AmoxCalli is running a series called Classics of Kidlit, and Rosemary Sutcliff's Mark of the Horse Lord, about a gladiator in second-century Britain, is "non-stop action," according to Liz B.
How 'bout a tale? Stories from Papi shares an original work, "Problem with Grackle."
Book Book Book attends "an incredible children's literature conference" where one of the highlights was a double presentation by the author Cornelia Funke and Anthea Bell, who translates Funke's novels from German into English.
My Domestic Church enjoys the Scottish setting of The Far Side of the Loch, which was written by kid lit carnival founder Melissa Wiley.
What hath Shrek! wrought? Bartography wonders.
Another big Texas party is the State Fair in Dallas. (Isn't that ferris wheel awesome?)
Adaptations of classics featuring only one-syllable words? Kidding, right? Nope. The Millions explains.
Hoo, boy, things get explosive when Bookwink talks about volcanoes.
Upper Fort Stewart considers the "transformative effect" of children's books, squeezing in a mention of Harold Bloom.
"Ever wish for an intelligent take on 'Valley Girl'?" asks Becky's Book Reviews. She's got a YA novel for you.
Liz In Ink is thinking poems. "What is poetry anyway?"
Saints and Spinners makes us laugh with Revenge of the Carrot Seed.
Head over to Library Stew for some resources for summer reading. (And discover what she thinks of Watership Down.)
Miss Erin interviews Sarah Beth Durst, whose first novel was published this year.
The Poisoned Crown, the concluding novel in Amanda Hemingway's Sangreal fantasy trilogy, surprised A Chair, A Fireplace & A Tea Cozy with its "wow" of a conclusion.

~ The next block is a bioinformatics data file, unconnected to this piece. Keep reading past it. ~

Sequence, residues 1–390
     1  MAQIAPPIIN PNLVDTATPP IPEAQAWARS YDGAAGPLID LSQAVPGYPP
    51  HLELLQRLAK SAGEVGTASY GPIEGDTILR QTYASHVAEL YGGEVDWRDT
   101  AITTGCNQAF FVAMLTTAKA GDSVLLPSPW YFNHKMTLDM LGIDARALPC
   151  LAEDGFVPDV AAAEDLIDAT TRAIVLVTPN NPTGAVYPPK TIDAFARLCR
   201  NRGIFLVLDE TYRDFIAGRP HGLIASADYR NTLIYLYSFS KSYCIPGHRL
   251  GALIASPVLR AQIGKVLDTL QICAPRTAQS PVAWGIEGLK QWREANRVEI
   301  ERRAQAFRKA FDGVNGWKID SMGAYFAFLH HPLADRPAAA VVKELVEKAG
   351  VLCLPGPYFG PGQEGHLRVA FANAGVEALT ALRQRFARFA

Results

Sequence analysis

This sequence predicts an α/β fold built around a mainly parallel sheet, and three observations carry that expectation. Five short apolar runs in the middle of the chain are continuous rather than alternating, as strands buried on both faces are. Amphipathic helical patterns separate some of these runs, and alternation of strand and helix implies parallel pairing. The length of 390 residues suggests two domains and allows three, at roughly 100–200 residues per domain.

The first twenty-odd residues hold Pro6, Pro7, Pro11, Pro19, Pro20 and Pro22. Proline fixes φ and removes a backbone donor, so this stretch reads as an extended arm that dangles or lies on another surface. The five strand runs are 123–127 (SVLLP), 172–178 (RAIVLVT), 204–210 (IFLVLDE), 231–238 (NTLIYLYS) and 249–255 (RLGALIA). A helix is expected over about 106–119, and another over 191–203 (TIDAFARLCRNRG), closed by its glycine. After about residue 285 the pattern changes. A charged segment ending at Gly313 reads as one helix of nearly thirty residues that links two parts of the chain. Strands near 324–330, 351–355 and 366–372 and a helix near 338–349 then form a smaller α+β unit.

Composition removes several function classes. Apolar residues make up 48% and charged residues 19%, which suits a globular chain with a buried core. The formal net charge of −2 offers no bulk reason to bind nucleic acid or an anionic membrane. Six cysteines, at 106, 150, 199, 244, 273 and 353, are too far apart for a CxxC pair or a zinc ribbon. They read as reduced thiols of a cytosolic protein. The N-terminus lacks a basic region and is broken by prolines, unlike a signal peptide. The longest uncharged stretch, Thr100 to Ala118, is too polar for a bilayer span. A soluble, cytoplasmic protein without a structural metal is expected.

Book banning and censorship are the topics of Bildungsroman's post "The Bermudez Triangle: Too Cool for School?"
A book killer is on the loose at Big A, little a, and, aw, doesn't he have the most innocent face?
The best-kept secret in American education? Tune in to the new blog A Picture Perfect Education to see what it is.
I'm hungry. Are you? I'm making a bee line for the Westfest in West, "the Czech Heritage Capital of Texas." We'll dance the polka and dine on kolaches, the delicious Czech pastries.
Community art takes center stage at Zee Says, with "Teen Program Idea: Library Art Trading Cards," which was inspired by the ever-popular Post Secret.
Kat's Eye muses about the insights she gained after attending her daughters'
spring art and music show in her post "Wild About Art and Music."
Ooh, scary. Wands and Worlds rounds up daemons.
A celebration of spring poetry is happening at Wild Rose Reader, where you'll find oodles of ideas to celebrate the season in a verse-ful way.
Help GottaBook solve a mystery: was a poem on the blog plagiarized? Why? Whodunnit?
You'll encounter "Epidemic, Pandemic, Plague, and Disease in Children's Books" at Semicolon.
A two for one deal: Seven Impossible Things talks with the blogger behind The Excelsior File.
Before cooling off at Austin's Barton Springs, I'll wrap up this fiesta with a recommendation for an art-filled bilingual book about a Mexican American family in South Texas. It's here at Chicken Spaghetti.
Bye, y'all! Adios! Hope you had fun! Next month's carnival is at A Year of Reading.
Thank you to the Fiesta San Antonio Commission for the poster image, Surachit for the Big Red bottle image (Creative Commons attribution-sharealike 2.5 license), RadicalBender for the ferris wheel photo (GNU Free Documentation License), and the Westfest Polka Festival for its photo.